So much of what I write on this blog is hard for me to admit. Certainly, I don’t want people to always see the real me. I would rather show just enough to demonstrate that I can empathize with your plights and then extend my chest to show how my strength remains. But on some days I don’t have any strength. Some days I am weaker than any of you. The problem is that I forget these days when and if they pass. When this happens, I lose a part of me and am not able to be honest with myself.

Fear. I have never really known what it is like to be afraid. Of course, I have been scared. I suppose the most fear I have ever had was the day I attempted to disarm a man who was threatening suicide. I had never been shot at before. Now, I have. It was scary. But all is well, and the man is okay.

However, today, I am scared. I know what you are going to ask. The same thing I would ask you: “Scared of what?” I wish I could tell you. The best I can express it is to say that I am scared of living. I am scared of the future. I am scared of myself. It started a couple of weeks ago. There was a nagging insecurity about my future. I began to think that my life was unstable, irresponsible, and filled with stupid decisions that have created a situation of unrest.

Can I take care of Kristie and the kids? Am I going to be able to put bread on the table? Have I invested enough in their lives? Who am I to think I can take care of my mother? Is it too late to make up for all of my mistakes? Is the real me a fake? Have I bitten off more than I can chew in about every area? Who will be there for all those I hold up if I were to die? Continue Reading →

Why it is So Easy to Doubt Christianity

Christianity is the easiest religion to doubt. In fact, I think I would go as far to say followers of Christ doubt their faith more than followers of any other God. I have spoken about this previously in a slightly different context, but I think this idea will help alleviate some of the problems associated with the vast number of people who believe that they can no longer maintain their faith with integrity. There is reason for your doubt, and in some ways it is very understandable.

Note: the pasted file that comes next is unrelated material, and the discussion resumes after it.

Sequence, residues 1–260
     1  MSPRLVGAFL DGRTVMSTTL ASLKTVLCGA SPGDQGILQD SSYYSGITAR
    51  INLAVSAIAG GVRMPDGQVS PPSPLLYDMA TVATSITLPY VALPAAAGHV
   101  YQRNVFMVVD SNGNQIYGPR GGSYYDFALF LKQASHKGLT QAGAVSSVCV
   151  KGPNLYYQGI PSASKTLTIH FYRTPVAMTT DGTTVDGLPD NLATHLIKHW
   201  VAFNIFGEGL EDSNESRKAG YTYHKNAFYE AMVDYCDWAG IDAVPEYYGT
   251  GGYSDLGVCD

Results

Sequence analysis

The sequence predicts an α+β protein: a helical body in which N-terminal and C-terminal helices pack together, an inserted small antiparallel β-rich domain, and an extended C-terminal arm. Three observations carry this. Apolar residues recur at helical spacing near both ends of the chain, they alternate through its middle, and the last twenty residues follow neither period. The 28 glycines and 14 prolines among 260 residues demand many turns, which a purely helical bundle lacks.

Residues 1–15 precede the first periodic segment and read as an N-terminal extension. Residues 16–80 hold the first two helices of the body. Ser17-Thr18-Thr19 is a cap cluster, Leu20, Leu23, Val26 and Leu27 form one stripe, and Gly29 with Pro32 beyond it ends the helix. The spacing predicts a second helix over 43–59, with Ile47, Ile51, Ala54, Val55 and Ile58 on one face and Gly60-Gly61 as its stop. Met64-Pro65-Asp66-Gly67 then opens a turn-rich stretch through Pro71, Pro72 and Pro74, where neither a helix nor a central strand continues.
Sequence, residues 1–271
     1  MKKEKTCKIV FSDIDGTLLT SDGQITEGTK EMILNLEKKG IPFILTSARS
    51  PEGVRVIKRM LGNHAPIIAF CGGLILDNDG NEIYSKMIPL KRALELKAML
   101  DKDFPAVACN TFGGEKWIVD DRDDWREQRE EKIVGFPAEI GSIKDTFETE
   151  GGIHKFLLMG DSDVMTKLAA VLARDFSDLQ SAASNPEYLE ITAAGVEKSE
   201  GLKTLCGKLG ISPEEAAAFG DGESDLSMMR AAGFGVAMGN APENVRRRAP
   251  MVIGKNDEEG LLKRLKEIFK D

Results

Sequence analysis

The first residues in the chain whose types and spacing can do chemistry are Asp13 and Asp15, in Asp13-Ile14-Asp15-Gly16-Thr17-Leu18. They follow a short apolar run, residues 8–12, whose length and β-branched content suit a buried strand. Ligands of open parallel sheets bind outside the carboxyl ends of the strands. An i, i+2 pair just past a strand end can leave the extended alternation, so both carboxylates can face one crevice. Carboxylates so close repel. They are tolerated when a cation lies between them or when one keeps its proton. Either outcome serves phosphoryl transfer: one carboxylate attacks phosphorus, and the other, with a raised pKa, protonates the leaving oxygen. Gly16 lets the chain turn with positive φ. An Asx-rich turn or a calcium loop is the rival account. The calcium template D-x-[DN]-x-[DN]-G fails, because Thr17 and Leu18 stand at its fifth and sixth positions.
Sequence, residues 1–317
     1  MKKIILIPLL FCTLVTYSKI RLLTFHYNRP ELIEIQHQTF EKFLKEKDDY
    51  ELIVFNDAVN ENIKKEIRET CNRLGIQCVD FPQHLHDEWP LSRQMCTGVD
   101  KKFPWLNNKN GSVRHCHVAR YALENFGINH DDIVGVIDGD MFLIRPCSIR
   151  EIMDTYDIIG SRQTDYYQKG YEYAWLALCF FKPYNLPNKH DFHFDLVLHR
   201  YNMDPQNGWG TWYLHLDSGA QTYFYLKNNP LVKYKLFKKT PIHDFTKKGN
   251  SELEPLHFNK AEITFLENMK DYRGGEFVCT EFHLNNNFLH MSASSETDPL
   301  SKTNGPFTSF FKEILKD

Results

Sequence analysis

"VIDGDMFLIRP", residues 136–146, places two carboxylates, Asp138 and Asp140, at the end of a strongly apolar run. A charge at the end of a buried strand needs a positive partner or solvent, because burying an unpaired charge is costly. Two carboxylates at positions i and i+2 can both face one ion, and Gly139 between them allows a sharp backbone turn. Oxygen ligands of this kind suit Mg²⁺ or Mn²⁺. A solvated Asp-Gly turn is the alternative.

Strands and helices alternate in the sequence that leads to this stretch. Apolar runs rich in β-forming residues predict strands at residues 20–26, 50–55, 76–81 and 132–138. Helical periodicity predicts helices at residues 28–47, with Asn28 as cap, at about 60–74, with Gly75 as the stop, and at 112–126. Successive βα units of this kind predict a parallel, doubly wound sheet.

The “easiness” of doubt concerning Christianity is not difficult to understand when you think about it. I mean . . . after all . . . there is just so much to doubt. Wait a moment. I don’t think I put that down well. You are most certianly hearing something different than what I am saying. Let’s go in this direction: the less you know, the easier it is to believe. Or, maybe you have heard it this way: ignorance is bliss. Now, let me unpack some of this.

My God expects so much. My God reveals so much. My God is so much. Faith is easy when it is one-dimentional. If my faith were simply a bunch of rules to be kept, it would be simple. If my faith were just a basic philosophy about truth, knowledge and wisdom, there would be no problem. If my faith were about some distant God who did not get his hands dirty with mankind, I think I would often be more at ease. If my God hadn’t loved me so much that he died for me, I would not raise an eyebrow. Had my God stayed silent and not written such an extensive book, I would have experienced much less intellectual anxiety. However, it is precisely because of these things that my faith suffers such challenges. When we suffer from over-exposure to the sun, we frequently get burned.

Let me put it another way . . .

Relationships are easy so long as we keep our distance. I know many of you, but I only know you well enough to continue to like and trust you. As long as our relationship stays distant, we are going to get along fine. But the moment I get to know you too well (and vice-versa) is the moment I begin to have problems. Add to this the expectations we anticipate in our relationship. Then things really begin to fall apart. I don’t want you to have any responsibilities toward me, nor me toward you. In that way, we cannot let each other down. I want us to have one of “those” kinds of relationships. You know: the kind that works! That’s what makes the relationship with your hair stylist so much easier than the one with your spouse—it stays one-dimensional. Continue Reading →